Public Square, at 92 years old, was evolving from a New England-style village commons to the centerpiece of a bustling city of almost 260,000 people. That year, an alligator lurking in a pool became the square’s star attraction. (He moved to Wade Park Zoo the next year.) The Early Settlers Association erected a monument that stands today: the bronze statue of town founder Moses Cleaveland — best known today for its cameo in the YouTube-viral “Hastily Made Cleveland Tourism Video.”
Our gentleman Clevelander, enjoying a moment of repose in the square’s northwest quadrant, sports the top hat and handlebar mustache common to men of distinction 123 years ago. Perhaps that’s his son facing northwest in the derby hat, walking around the Lily Fountain and running his hand along the metal fence.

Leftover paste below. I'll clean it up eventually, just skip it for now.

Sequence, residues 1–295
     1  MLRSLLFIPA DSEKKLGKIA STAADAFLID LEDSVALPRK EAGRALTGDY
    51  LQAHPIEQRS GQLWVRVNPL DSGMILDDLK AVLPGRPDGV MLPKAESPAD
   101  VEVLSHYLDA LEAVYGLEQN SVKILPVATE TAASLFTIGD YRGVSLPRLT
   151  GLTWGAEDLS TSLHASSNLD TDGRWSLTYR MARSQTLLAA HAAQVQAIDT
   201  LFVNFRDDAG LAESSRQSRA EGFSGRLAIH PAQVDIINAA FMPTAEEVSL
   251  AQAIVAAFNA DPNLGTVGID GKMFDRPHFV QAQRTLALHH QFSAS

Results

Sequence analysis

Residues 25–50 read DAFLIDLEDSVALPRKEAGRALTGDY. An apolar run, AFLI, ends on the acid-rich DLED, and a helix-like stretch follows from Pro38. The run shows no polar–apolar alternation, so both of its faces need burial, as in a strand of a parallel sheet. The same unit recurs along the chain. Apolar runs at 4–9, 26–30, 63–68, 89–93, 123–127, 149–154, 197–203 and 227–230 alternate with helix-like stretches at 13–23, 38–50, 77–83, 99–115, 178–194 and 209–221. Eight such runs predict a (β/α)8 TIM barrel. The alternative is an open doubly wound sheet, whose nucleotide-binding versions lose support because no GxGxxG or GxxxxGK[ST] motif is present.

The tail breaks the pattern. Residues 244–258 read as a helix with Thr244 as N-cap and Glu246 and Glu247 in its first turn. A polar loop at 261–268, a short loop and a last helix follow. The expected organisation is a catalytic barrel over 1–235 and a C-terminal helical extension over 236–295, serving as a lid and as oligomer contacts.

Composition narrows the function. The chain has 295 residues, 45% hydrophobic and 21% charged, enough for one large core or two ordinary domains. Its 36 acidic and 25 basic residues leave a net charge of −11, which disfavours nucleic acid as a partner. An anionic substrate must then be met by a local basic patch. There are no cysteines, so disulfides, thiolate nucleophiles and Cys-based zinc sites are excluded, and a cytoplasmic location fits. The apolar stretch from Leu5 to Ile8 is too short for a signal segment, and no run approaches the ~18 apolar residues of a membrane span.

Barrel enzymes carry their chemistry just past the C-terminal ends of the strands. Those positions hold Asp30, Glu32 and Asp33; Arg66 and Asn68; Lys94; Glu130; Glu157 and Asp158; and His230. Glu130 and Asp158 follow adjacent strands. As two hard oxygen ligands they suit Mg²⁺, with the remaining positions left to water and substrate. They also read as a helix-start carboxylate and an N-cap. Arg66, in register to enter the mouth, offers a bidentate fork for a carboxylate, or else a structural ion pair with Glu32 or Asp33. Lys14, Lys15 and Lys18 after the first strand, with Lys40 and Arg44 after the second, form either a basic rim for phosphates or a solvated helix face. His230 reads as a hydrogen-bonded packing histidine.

The Old Stone Church lies just outside the camera’s frame, to the right. The
chimney-abundant building on the left, the five-story former county courthouse and the open-windowed Wick Block have been replaced by a parking lot, two office buildings and John Q’s Steakhouse. Today the boy would be looking straight at the seated statue of Tom L. Johnson, who was still a railway mogul then, not yet Cleveland’s reformist mayor.